Cultural pillages of the leisure class? : consuming expressions of identity.
Tavener-Smith, Kieran David.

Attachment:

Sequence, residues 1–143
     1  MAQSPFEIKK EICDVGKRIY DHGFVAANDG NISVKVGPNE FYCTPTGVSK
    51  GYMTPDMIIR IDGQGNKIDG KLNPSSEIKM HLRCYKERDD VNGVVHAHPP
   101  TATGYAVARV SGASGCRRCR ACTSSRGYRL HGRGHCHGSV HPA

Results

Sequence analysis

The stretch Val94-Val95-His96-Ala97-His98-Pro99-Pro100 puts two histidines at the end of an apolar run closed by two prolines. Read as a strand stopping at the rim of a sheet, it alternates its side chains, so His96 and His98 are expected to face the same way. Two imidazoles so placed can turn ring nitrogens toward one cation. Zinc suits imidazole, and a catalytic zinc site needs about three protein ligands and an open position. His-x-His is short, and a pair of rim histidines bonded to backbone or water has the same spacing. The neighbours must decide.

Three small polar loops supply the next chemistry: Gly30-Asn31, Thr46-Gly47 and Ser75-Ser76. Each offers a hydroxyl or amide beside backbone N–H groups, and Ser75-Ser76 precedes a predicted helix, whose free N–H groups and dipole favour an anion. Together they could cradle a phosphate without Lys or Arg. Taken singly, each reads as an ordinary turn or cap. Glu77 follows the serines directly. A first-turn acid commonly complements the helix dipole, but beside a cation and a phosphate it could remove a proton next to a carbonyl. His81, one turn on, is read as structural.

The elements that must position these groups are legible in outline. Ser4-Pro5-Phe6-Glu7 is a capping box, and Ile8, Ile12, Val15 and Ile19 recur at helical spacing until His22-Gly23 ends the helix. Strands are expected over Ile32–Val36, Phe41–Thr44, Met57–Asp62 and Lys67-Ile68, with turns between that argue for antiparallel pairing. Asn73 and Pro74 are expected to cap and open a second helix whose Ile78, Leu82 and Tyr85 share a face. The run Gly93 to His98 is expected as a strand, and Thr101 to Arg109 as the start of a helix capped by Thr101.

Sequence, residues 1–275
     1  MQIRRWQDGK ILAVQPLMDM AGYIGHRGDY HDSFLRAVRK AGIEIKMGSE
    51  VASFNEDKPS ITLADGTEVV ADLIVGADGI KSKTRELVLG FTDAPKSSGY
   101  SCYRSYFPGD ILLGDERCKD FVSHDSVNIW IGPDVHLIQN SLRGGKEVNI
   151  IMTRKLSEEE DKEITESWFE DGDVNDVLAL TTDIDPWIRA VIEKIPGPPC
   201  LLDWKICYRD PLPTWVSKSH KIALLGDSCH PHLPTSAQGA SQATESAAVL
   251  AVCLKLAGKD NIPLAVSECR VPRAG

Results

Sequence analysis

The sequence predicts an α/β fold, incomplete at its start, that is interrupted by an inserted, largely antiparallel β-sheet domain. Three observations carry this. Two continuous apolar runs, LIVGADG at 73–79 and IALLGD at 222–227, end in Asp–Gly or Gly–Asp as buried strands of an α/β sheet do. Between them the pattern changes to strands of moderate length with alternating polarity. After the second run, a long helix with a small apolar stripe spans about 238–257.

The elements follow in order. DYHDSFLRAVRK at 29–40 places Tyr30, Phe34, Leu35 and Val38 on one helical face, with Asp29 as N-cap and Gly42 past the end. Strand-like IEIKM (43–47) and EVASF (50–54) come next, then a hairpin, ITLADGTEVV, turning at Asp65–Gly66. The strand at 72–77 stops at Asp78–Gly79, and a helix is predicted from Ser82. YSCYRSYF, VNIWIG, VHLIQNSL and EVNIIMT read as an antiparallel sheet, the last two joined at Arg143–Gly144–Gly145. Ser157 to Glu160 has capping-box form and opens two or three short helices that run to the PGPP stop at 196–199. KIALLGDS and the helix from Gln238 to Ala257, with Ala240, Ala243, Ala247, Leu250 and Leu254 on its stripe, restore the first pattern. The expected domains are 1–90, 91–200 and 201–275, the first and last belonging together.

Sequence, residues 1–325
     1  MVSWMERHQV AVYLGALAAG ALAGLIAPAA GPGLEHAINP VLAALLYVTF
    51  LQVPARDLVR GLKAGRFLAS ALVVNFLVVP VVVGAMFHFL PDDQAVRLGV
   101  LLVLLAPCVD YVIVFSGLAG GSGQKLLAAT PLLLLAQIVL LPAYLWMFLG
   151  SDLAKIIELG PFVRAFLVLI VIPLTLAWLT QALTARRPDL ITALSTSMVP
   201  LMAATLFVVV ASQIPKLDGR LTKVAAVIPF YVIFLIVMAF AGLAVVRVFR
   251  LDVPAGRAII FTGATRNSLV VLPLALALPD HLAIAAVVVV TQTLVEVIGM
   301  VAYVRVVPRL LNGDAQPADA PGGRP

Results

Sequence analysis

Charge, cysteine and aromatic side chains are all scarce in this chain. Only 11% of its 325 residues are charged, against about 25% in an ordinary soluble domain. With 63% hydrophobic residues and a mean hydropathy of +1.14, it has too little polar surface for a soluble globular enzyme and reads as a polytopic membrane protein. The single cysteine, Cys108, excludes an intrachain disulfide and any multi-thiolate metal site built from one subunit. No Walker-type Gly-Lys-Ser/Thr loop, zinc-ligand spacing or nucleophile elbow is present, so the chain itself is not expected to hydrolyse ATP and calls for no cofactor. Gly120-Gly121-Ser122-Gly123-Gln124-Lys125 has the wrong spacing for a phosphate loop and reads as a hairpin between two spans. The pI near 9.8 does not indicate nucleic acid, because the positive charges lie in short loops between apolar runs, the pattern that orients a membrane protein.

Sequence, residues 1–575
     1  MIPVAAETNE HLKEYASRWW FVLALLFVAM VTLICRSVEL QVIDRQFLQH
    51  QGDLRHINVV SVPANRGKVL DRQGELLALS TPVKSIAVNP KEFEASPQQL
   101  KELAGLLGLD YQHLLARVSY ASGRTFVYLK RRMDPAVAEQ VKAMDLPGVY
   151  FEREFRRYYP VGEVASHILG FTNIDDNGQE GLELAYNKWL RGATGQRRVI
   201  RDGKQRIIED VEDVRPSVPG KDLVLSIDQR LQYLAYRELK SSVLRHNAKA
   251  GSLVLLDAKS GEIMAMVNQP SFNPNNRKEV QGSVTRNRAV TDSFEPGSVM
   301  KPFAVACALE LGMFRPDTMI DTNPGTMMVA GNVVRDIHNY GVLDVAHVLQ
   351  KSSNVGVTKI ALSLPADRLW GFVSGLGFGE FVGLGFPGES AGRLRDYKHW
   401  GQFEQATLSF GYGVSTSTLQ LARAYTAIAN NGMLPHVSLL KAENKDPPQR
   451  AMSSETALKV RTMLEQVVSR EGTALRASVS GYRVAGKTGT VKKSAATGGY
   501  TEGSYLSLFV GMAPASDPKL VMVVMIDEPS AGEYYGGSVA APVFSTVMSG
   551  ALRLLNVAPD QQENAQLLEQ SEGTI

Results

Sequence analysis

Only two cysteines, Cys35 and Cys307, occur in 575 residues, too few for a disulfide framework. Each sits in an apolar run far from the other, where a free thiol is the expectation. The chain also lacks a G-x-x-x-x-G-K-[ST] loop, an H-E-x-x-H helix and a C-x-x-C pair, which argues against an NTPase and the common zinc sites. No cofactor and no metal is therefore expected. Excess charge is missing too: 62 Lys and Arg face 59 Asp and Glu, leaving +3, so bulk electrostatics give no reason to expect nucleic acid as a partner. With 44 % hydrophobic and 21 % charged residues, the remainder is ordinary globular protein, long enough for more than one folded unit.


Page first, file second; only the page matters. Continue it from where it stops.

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Society ‘obscures itself’ by presenting a world that is self-contained and logical (Barthes, 1973) – a world underpinned by a transparency of its underlying systems of meaning. This formulation maps the theoretical location of the dissertation, by which an investigation into tourism, as an economic and political expression of contemporary culture, occurs. More specifically, the dissertation addresses the type of tourism that bisects narratives of history and of cultures – that popularly described under the label of cultural tourism. Thus it employs an array of critical tourism and cultural theory, to offer an exposition on how best to understand the articulation of meaning in the consumption of ‘place’, formations of heritage and Otherness. The study also explores the epistemological nature/agendas of the so-called ‘Image of Africa’ and the ‘Absolute Other’, and how these are recycled in the parameters of modernity. Using a genealogical approach to studying discursive formations articulating some kind of Zulu Otherness, the dissertation grounds these conventions of identity predominantly in the symbolic practice of a colonial Western society. This exposes the arbitrary, constructed nature by which contemporary society governs itself. Methodologically, the research applies participant observation and semiotic analyses, predominantly in the cultural/filmic village of Shakaland, near Eshowe, KwaZulu-Natal, to explore how the constructions of identity manifest and are negotiated and consumed in the activity of this tourism.